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Where'er thy morning breath has play'd,
Whatever isles of ocean fann'd,

Come to my blossom-woven shade,

Thou wandering wind of fairy land.

For sure from some enchanted isle

Where heav'n and love their sabbath hold,

Where pure and happy spirits smile

Of beauty's fairest brightest mould;

From some green Eden of the deep,
Where Pleasure's sigh alone is heav'd,

Where tears of rapture lovers weep,

Endear'd, undoubting, undeceiv'd;

From some sweet paradise afar,

Thy music wanders, distant, lost,.... Where Nature lights her leading star, And Love is never, never cross'd.

Oh Gentle gale of Eden bow'rs,

If back thy rosy feet should roam,

To revel with the cloudless hours

In Nature's more propitious home,

Name to thy lov'd elysian groves,

That o'er enchanted spirits twine, A fairer form than cherub loves,

And let the name be CAROLINE.


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LEAVE this barren spot to me?
Spare, woodman, spare the beechen tree!
Though bush or flowret never grow
My dark, unwarming shade below;
Nor summer bud perfume the dew
Of rosy blush, or yellow hue;
Nor fruits of Autumn, blossom-born,
My green and glossy leaves adorn;
Nor murm'ring tribes from me derive

Th' ambrosial amber of the hive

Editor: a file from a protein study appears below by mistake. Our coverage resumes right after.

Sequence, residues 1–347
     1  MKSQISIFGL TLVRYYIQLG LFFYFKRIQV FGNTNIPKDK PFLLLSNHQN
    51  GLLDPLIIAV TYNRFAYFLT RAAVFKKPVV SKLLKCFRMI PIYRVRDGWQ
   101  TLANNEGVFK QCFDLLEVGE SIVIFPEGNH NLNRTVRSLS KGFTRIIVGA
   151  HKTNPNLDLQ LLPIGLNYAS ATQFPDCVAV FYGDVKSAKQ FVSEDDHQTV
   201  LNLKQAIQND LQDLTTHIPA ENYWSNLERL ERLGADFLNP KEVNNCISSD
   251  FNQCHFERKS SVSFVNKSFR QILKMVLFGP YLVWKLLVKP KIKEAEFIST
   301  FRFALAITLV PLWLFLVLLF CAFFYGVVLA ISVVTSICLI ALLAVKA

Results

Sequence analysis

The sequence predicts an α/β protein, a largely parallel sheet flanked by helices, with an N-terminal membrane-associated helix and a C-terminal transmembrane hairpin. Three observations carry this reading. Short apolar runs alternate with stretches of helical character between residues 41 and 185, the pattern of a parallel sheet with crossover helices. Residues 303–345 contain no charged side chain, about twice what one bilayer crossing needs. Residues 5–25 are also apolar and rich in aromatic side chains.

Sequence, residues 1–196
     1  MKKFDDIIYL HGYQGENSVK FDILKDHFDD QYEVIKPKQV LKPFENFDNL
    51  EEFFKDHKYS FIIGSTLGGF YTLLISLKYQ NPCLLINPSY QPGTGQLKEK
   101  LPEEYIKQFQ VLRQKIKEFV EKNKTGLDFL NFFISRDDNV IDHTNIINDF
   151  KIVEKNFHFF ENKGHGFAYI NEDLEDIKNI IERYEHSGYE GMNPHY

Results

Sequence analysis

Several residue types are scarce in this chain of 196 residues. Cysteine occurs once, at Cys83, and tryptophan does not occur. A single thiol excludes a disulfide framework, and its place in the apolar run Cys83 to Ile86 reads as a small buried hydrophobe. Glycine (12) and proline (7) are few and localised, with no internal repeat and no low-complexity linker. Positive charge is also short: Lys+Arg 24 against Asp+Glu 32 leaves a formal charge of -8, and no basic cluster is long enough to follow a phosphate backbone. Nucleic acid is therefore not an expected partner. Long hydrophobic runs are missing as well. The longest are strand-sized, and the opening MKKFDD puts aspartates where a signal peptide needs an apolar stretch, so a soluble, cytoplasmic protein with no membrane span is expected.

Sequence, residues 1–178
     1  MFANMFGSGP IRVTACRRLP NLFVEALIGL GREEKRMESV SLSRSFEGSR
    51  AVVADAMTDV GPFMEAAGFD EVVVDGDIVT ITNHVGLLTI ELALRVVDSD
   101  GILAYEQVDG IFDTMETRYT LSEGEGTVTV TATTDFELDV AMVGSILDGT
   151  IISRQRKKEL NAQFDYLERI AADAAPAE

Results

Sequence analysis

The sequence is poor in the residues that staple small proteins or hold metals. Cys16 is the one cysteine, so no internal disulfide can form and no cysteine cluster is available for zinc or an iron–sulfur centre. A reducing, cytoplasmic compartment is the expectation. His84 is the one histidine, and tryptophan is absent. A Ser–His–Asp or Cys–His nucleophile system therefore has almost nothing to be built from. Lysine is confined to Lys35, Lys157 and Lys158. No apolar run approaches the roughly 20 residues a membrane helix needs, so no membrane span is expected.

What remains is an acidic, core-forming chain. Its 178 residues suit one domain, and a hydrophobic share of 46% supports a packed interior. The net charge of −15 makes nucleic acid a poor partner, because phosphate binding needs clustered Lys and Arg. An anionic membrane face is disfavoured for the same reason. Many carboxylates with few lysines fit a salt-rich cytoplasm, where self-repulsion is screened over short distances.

Yet leave this barren spot to me;

Spare, woodman, spare the beechen tree!

Thrice twenty summers I have seen,
The sky grow bright, the forest green;
And many a wintry wind have stood
In bloomless fruitless solitude,

Since childhood in my pleasant bower

First spent its sweet and sportive hour,

Since youthful lovers in my shade
Their vows of truth and rapture made;
And on my trunk's surviving frame,
Carv'd many a long forgotton name.
Oh! by the sighs of gentle sound,
First breath'd upon this sacred ground;
By all that love has whisper'd here,
Or Beauty heard with ravish'd ear;
As Love's own altar honour me,

Spare, woodman, spare the beechen tree!


GEM of the crimson-colour'd Even,

Companion of retiring day,

Why at the closing gates of heav'n
Beloved star dost thou delay?

So fair thy pensile beauty burns,
When soft the tear of twilight flows,

So due thy plighted step returns,

To chambers brighter than the rose;

To Peace, to Pleasure, and to Love,

So kind a star thou seemst to be,

Sure some enamour'd orb above,

Descends and burns to meet with thee.


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